Many Americans will be familiar with the 30% rule, which dictates that housing costs should never eat up more than 30% of your household income. But as it turns out, that old rule of thumb has become untenable for apartment dwellers these days.
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For the first time ever, American renters are spending that astronomical percentage — or more. Moody’s Analytics has called it a “rent burden.” Squeezed renters may prefer to call it the equivalent, financially speaking, of living in a walk-in closet.
Meanwhile, high mortgage rates have prevented many Americans from making the leap from renter to homeowner. That in turn has translated into a rental unit shortage, moving landlords to raise prices. And that could spell disaster for the more than 5 million U.S. renter households who are already behind on their rent, owing an average of $2,000 in arrears. All told, they owe an estimated $11 billion in total rent debt, according to the National Equity Atlas.
In some states, residents are already paying a little over a third of their salary on rent alone.
States of desperation
In Massachusetts, Florida and New York, Americans spend 32.9%, 32.6% and 31.2% of their income respectively on rent, according to the Moody's report.
Florida in particular also saw a substantial jump in rental costs: 4.2% over the last three years, according to Moody’s. Blame it in large part on supply and demand, the biggest issues at present for renters and homeowners.
With fewer homes available, rent keeps climbing; as interest rates rise, homes become less affordable — even as in most parts of the nation, the seller’s market continues to dominate.
What’s more, homeowners spooked by the proposition of buying a new home at high interest rates have put the kibosh on moving.
Read more: Your cash is trash: 4 simple ways to protect your money against white-hot inflation (without being a stock market genius)
What can Americans do?
For many renters, staying put may be the best option. If you have a good relationship with your landlord, you may be able to forestall an increase.
One effective way involves bartering, where you agree to take care of minor maintenance needs and thus avoid expensive handyman calls for your landlord.
But if such options aren’t possible and you’re spending more than 30% of your income, consider other accommodations that come at a cheaper price — even if temporarily. If you’re a recent college graduate, you may loathe the idea of moving back in with your folks, but aside from buying yourself some breathing room, you might just be able to save enough money to cover housing costs once you move out again.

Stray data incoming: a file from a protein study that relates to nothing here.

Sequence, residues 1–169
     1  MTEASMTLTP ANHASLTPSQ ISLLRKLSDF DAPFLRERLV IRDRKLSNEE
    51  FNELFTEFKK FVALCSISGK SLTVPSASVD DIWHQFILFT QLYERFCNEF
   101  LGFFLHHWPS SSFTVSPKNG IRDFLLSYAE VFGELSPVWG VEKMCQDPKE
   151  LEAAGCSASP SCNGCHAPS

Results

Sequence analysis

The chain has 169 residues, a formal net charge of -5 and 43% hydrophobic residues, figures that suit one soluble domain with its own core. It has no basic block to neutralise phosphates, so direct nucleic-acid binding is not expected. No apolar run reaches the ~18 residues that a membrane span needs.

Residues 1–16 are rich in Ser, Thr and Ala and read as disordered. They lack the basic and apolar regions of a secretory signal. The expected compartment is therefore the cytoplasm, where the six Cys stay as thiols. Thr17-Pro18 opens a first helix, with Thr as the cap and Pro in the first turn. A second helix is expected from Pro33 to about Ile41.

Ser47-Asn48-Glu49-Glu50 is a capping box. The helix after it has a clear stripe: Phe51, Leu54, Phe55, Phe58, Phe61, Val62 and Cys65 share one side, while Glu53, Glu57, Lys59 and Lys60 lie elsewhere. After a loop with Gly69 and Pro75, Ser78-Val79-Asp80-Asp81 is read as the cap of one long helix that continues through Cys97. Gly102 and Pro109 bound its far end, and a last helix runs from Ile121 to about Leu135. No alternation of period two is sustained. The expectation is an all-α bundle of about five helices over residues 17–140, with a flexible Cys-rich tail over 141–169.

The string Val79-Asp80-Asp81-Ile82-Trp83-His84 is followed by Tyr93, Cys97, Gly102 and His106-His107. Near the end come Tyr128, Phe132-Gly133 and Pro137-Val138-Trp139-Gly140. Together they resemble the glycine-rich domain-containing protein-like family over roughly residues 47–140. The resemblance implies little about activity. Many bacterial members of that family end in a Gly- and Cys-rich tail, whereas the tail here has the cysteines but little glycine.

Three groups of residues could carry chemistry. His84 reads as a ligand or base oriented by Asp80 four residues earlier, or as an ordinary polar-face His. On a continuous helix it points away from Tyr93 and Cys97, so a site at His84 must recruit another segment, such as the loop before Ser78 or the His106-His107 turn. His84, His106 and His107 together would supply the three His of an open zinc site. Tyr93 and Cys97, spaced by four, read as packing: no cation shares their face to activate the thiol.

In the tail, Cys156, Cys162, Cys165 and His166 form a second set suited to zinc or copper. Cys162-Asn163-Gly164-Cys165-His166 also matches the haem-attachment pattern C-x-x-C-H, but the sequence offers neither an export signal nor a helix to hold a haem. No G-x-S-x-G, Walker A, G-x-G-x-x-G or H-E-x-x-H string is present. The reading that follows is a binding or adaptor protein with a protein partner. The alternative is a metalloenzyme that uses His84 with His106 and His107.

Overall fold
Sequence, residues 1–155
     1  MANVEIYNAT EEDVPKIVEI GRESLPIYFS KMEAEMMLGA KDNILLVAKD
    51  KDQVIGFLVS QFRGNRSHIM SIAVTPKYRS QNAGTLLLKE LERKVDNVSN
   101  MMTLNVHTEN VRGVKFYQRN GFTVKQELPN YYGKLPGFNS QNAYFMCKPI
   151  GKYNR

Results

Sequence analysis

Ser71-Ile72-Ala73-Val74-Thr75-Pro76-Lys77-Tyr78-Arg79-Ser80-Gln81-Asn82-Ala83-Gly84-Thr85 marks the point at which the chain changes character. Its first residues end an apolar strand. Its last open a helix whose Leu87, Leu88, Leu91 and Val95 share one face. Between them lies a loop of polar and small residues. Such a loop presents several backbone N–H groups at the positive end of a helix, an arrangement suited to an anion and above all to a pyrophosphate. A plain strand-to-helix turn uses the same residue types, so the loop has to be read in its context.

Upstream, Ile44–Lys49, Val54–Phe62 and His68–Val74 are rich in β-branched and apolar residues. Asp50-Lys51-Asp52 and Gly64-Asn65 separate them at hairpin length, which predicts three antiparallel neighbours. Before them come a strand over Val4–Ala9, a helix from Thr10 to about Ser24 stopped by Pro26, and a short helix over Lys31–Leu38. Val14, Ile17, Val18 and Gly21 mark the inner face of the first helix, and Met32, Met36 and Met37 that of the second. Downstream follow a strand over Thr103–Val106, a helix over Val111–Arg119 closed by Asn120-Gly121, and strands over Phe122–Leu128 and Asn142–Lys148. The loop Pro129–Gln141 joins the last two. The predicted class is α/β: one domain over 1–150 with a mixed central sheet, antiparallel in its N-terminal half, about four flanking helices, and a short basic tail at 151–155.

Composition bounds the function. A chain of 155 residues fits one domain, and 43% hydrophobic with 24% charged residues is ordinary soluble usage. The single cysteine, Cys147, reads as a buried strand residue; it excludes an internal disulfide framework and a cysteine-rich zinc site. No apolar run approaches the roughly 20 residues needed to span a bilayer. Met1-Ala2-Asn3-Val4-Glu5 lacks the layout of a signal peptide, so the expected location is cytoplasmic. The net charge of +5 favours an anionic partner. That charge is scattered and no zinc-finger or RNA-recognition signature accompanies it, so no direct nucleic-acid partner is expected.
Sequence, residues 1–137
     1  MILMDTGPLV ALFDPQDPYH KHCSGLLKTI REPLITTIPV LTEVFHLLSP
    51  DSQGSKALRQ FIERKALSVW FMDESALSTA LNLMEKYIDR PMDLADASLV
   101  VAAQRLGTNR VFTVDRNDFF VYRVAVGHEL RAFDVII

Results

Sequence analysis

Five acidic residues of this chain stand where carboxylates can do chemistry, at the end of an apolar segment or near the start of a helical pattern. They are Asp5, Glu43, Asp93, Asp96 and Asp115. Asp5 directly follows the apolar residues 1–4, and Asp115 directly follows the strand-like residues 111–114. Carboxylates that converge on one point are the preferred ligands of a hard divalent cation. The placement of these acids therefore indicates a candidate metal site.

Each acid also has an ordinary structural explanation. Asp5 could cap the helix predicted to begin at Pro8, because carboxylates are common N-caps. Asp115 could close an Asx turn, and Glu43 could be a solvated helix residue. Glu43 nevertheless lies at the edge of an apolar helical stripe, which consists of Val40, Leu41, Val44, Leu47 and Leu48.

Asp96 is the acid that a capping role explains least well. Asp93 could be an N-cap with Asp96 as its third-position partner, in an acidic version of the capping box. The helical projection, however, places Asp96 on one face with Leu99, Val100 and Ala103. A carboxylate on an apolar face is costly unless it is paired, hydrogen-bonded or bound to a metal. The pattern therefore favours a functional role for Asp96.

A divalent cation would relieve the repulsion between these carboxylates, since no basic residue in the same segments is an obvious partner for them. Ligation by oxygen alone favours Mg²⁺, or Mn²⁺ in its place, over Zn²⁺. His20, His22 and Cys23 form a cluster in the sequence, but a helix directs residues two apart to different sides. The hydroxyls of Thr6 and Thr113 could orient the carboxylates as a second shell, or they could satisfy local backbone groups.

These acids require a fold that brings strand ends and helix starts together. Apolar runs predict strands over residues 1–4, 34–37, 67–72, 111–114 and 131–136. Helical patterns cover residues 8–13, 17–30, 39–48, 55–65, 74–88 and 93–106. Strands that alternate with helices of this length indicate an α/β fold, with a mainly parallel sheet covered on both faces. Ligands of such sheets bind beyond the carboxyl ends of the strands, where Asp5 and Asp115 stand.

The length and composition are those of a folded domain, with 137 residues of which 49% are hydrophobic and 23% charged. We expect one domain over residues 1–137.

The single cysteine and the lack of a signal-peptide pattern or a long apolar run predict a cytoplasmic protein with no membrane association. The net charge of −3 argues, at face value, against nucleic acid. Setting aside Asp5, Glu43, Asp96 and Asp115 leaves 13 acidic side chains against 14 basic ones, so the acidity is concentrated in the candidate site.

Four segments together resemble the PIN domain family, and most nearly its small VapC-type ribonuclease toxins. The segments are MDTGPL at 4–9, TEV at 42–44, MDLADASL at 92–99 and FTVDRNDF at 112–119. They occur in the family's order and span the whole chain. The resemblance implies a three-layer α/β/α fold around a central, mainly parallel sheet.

Once you’re in your own place, creating room in your budget for renters insurance can help you protect the belongings in your home and act as a safety net in case of emergencies that would add to your already-heavy rent burden.
You can also consider:
Subletting what you have: If you rent in a big city, you could have two options to create cash right away: sublet your storage and parking. If you rent out what you have, even at a slight loss, it’ll help cut your overall housing total. Why stop there? Look into mobile apps to help you rent out other items. Consider services like Turo for your car and Yoodlize for general items.
Leveraging your rewards credit cards: Assuming you can pay off your monthly spending in full, use your credit card as often as possible to earn rewards points that accrue just about any premium from air travel to groceries — or even net cash back.
Paying off high-interest debt: After you use that credit card a bunch, make sure to pay down your balance. Interest paid on credit cards is money thrown away. Period. And if the rates are exorbitant — say in the 20% range — making the minimum payment will amount to bailing water from a leaky boat. If you’re already underwater, one option is to consolidate your existing high-interest debt onto a new loan at a lower interest rate. You can then pay all your debts with one payment and save on that pesky interest.
Putting it all together: Don’t give up
High rents are discouraging — if you feel that you’re working just to afford a place to live, and that your home-owning dreams are on hold, you’re not alone. What to do?
Before financial freedom begins, a wealthy mindset must come first. Worrying about things you can’t control — including a landlord’s decision to make more money from tenants — isn’t going to get you anywhere.
When you concentrate on what you can control — by budgeting, creating passive income or negotiating price breaks — you’ll be on the road to beating the percentages, and finding the one thing money can’t buy, or rent for that matter: hope.
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This article provides information only and should not be construed as advice. It is provided without warranty of any kind.